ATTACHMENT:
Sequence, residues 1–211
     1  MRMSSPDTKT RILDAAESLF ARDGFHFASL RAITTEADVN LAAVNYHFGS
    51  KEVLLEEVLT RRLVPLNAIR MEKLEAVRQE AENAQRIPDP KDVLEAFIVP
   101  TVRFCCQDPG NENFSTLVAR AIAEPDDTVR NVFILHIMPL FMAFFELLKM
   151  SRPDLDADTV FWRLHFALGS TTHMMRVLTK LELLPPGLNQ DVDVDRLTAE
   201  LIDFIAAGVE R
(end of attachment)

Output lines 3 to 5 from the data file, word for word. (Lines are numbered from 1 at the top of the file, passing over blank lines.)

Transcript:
    51  KEVLLEEVLT RRLVPLNAIR MEKLEAVRQE AENAQRIPDP KDVLEAFIVP
   101  TVRFCCQDPG NENFSTLVAR AIAEPDDTVR NVFILHIMPL FMAFFELLKM
   151  SRPDLDADTV FWRLHFALGS TTHMMRVLTK LELLPPGLNQ DVDVDRLTAE